the quality of the total bid, as opposed to just splashing money around.
SA, get real. Even in this crisis London is one of the wealthiest cities in the world. Investors also see it as a safe place due to the carefully controlled regulations so money would never be an issue for a world stage event like this. Common sense has prevailed and the Athletes will be asked to perform in a realistic environment in a city with a well tried and tested infrastructure. Qatar needs to concentrate on the world cup football event, show the world they can deliver on what they have promised before they can be considered for another mega event.
That is your notion...or maybe behind the scene politics and favoritism.
Splashing money is what needed to host mega events. As for the contractors and builders they will every well be British and western companies which will provide the same quality of stadia and housing.
When world events organizer intends to host in developing countries/east they are keen to get enough promises on budget/money from the host country....but when they want to have it in West then money is secondary.
Yes Qatar needs to focus on football events and London should focus on 2012 Olympics.
Just read the news about this where London cannot offer adequate security for the event.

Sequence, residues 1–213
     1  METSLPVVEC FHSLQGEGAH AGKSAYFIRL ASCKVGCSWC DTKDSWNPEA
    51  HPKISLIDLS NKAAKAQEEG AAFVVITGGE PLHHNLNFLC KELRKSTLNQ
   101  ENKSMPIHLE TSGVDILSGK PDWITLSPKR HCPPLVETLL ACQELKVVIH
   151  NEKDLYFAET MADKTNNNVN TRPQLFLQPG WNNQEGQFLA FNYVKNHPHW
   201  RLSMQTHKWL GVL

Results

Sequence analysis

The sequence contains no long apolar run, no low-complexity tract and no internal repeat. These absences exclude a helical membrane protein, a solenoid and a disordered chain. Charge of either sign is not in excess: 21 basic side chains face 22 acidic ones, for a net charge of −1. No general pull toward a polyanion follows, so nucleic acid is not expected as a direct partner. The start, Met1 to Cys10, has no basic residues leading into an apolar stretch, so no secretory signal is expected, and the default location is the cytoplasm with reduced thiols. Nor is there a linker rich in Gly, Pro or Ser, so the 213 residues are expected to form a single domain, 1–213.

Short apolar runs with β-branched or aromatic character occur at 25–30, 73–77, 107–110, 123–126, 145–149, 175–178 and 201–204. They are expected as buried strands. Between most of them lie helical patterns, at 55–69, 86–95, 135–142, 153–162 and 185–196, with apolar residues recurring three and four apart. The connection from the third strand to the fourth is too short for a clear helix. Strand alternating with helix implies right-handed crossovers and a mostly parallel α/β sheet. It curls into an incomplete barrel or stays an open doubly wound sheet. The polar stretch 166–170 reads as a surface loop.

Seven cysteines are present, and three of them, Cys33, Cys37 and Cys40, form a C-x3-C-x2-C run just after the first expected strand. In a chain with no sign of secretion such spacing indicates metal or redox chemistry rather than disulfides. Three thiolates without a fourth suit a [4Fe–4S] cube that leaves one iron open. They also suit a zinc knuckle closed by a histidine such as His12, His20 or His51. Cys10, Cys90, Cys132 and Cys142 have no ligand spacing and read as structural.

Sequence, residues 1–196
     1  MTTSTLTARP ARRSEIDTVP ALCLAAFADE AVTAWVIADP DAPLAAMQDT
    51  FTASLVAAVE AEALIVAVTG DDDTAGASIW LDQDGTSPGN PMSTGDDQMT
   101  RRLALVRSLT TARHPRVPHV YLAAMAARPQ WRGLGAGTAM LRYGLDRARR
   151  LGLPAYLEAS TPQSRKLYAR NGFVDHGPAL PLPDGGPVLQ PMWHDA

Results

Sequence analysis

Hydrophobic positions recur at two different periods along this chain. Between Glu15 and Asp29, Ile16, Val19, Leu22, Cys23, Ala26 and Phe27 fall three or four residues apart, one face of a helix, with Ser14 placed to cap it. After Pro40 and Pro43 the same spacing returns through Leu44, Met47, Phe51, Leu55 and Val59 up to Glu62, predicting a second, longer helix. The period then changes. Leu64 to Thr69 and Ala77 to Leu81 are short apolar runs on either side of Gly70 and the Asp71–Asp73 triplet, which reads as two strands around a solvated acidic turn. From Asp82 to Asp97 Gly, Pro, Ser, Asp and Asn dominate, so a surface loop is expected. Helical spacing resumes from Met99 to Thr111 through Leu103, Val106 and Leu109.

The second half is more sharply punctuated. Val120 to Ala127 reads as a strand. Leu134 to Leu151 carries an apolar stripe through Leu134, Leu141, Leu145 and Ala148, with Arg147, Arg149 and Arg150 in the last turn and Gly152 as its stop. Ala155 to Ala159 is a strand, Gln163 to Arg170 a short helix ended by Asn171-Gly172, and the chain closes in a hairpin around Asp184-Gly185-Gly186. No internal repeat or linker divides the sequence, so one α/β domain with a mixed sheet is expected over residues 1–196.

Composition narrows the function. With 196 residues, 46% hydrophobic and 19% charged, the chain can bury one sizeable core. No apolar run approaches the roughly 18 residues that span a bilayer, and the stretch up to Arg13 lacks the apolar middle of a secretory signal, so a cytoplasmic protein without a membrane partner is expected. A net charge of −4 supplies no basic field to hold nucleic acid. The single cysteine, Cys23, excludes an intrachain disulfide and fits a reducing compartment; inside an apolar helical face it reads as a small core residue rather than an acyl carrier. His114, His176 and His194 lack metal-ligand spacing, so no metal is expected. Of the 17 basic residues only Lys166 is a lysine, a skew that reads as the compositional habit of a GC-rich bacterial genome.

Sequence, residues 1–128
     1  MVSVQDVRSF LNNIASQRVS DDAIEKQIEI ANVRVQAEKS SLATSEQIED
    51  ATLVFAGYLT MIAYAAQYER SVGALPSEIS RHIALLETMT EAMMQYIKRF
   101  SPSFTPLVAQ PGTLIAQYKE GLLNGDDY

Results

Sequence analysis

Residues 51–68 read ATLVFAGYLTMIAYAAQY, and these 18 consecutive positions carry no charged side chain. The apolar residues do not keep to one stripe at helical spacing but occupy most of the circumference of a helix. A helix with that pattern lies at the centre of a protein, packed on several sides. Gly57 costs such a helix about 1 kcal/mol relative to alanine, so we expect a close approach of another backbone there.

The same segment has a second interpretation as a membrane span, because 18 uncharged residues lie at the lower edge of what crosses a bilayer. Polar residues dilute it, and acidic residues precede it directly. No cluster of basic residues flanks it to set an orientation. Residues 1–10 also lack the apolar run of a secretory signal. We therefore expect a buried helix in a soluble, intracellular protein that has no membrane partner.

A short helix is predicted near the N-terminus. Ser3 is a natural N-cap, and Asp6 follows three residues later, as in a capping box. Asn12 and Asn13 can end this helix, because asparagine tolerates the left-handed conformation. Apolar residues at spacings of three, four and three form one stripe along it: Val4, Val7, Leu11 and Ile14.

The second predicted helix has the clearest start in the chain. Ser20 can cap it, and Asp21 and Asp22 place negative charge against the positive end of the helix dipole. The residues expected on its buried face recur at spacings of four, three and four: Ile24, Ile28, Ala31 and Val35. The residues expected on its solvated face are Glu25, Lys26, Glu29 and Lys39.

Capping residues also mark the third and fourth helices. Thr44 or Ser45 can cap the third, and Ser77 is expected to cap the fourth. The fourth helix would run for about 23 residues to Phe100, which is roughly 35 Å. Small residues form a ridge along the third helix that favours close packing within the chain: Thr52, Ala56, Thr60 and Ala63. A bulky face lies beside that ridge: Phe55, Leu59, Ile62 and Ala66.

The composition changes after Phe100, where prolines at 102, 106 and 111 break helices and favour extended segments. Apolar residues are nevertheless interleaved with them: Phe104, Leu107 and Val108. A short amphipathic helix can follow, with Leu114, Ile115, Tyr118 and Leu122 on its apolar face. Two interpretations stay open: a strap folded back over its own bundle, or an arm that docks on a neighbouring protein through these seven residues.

depends if you want an event that can be enjoyed by all, or to be held instead at a time of the year when athletes are winding down for the season and not at their best.
These and other things all countries impacted, decided on. Not just money.
Of course they can offer secruity for the event . Hosting a major sporting event in London has been done many times before without any problems . World class facilities , infastructure , transport links , accomadation and so on , it's easy that's why the city is a global leader.
London's sporting heritage, it's ability to handle major sporting events and security measures are met every single week of the year with many Premier League football matches being staged in the capital. Then add Wimbledon, Champions League Finals, FA Cup Finals, major concert venues...the list goes on. London could stage a football World Cup or a World Athletic Championship in 3 months time without skipping a beat! The decision is correct and wise in these perilous economic times.